Words | Gabby Edwards
There seems to be few things as universally loved as everyone’s favourite English broadcaster, Sir David Attenborough. Whether it be the captivating visuals or soothing voice overs, there’s truly something for everyone in each of his series and documentaries that keep us coming back. A 2018 poll even revealed Sir Attenborough to be Britain’s most trusted celebrity. So how did this zoologist rise in notoriety and become the beloved pop culture icon he is today?
After achieving a degree in natural sciences, David Attenborough first rose to notoriety during a training program with the BBC in 1950. While executives initially thought his teeth were too big to be featured on television, he was still assigned as producer for the factual broadcasting department. As the BBC had minimal programming covering the natural sciences at the time, his influence began with producing quiz shows such as Animal, Vegetale, Mineral, before eventually working his way to co-presenting. This included the series Animal Patterns, in which animals from London Zoo were brought into a studio. Though, he was dissatisfied with the format of these shows, for taking animals out of their natural habitat and potentially making them uncomfortable.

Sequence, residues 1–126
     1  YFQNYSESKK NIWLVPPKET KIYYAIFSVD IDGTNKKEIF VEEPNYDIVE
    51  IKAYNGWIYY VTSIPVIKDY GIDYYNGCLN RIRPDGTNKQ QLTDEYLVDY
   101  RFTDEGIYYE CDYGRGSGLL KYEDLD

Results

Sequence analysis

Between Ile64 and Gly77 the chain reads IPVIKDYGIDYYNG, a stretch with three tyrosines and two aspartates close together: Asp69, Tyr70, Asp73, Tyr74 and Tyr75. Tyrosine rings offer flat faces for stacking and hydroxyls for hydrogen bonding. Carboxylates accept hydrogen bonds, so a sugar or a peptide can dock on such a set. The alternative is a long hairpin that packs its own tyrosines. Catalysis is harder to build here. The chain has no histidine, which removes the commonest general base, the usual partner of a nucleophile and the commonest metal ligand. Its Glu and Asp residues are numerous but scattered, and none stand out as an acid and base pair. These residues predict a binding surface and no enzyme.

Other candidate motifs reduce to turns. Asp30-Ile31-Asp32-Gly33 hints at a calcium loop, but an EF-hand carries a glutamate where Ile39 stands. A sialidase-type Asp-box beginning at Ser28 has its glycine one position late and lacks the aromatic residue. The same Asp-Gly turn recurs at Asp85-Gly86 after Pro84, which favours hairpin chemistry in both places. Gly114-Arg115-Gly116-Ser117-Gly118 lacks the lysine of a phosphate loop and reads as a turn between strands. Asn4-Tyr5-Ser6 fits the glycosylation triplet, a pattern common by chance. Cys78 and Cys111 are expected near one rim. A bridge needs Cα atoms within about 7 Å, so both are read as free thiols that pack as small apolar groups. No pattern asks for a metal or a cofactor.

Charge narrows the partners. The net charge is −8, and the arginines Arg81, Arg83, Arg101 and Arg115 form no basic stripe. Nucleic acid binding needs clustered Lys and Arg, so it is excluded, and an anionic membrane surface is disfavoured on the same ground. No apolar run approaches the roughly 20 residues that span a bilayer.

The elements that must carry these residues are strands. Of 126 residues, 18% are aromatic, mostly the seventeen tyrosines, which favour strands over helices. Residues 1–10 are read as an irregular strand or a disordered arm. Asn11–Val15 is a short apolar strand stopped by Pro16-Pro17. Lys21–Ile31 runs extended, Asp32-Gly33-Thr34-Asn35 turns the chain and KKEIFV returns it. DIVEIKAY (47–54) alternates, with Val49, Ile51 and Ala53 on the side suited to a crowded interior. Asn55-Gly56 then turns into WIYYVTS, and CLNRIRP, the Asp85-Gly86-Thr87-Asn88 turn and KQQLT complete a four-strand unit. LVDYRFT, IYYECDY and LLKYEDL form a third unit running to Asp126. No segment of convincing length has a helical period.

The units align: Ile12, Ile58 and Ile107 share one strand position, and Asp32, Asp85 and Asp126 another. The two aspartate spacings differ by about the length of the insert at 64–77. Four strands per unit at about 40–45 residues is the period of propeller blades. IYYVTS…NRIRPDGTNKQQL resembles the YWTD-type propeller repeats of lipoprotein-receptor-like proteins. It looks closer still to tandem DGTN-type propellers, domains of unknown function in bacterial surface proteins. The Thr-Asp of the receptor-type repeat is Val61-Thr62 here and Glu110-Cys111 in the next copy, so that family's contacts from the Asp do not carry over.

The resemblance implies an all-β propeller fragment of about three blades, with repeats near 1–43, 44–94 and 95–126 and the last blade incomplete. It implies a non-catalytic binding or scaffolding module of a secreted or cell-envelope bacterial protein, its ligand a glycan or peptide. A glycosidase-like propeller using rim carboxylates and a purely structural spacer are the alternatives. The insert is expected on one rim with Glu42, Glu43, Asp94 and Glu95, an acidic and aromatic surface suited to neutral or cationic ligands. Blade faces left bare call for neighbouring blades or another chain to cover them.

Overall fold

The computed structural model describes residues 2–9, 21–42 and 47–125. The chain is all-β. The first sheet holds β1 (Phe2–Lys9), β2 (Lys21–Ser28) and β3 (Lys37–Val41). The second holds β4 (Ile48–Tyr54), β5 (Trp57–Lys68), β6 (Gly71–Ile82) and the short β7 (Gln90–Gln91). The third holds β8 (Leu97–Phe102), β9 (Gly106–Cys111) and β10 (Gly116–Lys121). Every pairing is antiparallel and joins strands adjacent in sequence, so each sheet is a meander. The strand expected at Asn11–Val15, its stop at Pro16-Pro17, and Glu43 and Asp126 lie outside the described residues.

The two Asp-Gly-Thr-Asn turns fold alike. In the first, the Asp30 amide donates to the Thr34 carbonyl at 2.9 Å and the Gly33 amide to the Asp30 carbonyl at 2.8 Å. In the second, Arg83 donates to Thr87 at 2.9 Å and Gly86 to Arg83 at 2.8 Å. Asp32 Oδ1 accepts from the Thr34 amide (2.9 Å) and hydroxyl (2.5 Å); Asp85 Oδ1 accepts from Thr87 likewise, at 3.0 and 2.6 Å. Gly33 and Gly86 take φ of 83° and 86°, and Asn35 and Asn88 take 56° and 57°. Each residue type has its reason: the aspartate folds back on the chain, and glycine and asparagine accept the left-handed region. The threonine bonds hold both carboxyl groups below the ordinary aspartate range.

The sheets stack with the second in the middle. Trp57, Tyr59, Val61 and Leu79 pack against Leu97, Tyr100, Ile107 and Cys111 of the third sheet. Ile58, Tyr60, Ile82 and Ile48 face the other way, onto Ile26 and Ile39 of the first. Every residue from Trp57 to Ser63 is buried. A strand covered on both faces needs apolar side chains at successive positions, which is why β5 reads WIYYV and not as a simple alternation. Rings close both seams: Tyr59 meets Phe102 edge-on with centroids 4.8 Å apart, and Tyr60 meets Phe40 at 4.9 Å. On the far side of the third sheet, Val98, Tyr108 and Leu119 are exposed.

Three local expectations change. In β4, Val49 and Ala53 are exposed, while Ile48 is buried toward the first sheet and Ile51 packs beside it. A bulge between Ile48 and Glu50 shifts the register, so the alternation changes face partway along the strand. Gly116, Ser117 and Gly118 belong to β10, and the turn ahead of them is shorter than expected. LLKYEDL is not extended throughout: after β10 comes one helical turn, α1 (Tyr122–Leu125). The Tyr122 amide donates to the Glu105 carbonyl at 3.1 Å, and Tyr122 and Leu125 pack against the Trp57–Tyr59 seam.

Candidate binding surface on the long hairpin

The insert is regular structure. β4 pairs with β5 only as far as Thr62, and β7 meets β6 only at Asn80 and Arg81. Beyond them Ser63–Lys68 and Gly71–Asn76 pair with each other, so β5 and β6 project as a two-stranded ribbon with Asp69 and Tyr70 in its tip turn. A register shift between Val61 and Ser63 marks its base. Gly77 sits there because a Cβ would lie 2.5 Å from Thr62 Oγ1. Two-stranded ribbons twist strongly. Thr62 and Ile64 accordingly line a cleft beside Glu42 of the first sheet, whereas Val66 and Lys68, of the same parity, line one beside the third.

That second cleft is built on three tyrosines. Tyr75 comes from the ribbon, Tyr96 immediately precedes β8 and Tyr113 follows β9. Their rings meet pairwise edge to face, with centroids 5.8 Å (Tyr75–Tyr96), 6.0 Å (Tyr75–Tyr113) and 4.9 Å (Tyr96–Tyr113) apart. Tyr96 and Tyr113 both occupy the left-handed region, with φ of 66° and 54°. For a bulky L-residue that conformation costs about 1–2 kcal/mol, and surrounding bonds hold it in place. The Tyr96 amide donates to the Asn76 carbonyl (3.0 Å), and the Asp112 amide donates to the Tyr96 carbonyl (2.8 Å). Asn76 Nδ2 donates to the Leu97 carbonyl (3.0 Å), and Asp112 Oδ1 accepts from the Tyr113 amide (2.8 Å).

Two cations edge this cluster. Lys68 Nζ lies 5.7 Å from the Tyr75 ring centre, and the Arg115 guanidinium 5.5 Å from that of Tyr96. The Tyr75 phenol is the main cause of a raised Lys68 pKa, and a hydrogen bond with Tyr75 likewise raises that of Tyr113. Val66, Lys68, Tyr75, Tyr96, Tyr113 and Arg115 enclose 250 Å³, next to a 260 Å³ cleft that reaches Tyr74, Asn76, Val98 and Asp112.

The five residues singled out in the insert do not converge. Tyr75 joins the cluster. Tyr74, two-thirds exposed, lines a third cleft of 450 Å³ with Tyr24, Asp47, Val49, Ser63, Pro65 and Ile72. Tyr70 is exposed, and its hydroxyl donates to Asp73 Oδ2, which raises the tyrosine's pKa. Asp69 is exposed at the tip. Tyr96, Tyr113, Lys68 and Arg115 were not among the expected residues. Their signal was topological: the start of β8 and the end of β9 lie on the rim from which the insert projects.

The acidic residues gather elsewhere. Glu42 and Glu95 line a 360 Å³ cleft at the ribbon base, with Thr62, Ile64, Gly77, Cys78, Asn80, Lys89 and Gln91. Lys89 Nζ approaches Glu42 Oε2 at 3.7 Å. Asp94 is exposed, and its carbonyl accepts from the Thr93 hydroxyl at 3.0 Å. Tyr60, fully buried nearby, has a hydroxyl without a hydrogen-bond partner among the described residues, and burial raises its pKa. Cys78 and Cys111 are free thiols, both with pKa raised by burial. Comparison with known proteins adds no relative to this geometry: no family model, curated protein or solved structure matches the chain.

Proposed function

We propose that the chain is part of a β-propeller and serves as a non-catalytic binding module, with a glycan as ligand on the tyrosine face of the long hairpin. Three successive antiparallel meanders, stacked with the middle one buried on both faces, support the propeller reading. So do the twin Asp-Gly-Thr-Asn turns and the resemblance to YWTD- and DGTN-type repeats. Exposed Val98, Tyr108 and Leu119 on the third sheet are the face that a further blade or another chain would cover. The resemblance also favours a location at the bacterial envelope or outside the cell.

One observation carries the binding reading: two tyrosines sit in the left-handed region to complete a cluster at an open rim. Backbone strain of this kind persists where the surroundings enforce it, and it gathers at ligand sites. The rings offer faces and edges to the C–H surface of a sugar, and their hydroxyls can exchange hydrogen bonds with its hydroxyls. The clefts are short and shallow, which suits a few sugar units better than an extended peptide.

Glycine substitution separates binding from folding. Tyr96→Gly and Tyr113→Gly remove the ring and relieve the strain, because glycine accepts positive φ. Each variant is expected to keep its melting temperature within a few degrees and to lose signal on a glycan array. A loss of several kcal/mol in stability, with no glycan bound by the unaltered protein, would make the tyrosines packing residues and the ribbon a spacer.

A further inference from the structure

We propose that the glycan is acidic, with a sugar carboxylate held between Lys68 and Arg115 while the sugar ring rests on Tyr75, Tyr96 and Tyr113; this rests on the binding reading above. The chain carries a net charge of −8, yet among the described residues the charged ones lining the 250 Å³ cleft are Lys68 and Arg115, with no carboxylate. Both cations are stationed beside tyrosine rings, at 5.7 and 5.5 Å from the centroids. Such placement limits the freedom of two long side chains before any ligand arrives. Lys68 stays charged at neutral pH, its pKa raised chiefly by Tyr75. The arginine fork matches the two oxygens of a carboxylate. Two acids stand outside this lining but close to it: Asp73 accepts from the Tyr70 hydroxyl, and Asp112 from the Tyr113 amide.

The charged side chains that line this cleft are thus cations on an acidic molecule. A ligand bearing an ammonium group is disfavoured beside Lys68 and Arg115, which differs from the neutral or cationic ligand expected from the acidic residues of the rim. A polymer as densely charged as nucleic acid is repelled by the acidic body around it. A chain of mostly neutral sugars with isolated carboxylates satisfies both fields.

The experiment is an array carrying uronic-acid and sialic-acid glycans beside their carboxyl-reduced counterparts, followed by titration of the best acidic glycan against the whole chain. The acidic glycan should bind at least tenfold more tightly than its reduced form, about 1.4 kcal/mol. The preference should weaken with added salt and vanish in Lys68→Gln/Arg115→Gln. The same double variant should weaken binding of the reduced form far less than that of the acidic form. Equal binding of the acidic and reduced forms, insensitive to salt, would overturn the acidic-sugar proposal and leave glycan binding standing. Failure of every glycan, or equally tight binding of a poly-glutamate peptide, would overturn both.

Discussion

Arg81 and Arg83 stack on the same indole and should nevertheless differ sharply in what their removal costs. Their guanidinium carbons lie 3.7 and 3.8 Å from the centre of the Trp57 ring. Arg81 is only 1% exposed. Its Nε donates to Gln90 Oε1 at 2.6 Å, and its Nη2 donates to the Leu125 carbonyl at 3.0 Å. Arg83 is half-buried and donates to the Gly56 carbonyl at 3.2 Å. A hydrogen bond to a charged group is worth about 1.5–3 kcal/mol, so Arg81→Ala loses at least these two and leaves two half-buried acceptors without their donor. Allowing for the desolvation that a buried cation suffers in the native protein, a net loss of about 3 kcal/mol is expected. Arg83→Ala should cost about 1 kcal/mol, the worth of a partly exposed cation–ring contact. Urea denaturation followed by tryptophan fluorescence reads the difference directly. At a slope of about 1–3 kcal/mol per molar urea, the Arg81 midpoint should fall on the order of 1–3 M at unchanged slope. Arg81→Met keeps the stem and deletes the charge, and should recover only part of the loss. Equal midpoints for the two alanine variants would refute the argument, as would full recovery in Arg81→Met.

In 1954 Attenborough attempted to rectify this through Zoo Quest, where he earned his first main presenter credit. The series followed David with London Zoo staff, capturing animals for their collection, filmed in combination at the zoo and in the wild. While these practices obviously wouldn’t be accepted today, the show’s intimate yet respectfully distant approach to filming wildlife established this new genre, redefining the standards for nature documentaries. The series’s influence and appeal was so prominent it led to the establishment of the BBC Natural History Unit in 1957. In the following years, the content Attenborough produced and commissioned evolved and increased as he gained a higher role within the organisation. Though, by 1972, he ultimately decided to quit his job to pursue freelance broadcasting and begin working on a natural history epic.
Life on Earth was released in 1979, redefining documentary filmmaking and cementing David Attenborough as a household name. The program explored the influence of evolution on nature around the globe, taking hours to shoot, using advanced and unique filming techniques to capture the action. This included camera operators often spending hours on end following specific subjects. By treating his subjects and research seriously, Attenborough and his production team gained the trust of many scientists and ecologists, who responded by allowing him to feature their subjects in his program exclusively. All in all, the show was a great success, gaining an estimated audience of more than 500 million and launching a recurring franchise known as The Life Collection. Across the collection he covered a wide variety of topics from animal behaviour at different stages of life (The Trials of Life), the natural history of Antarctica (Life in the Freezer) and even plants and their growth (The Private Life of Plants).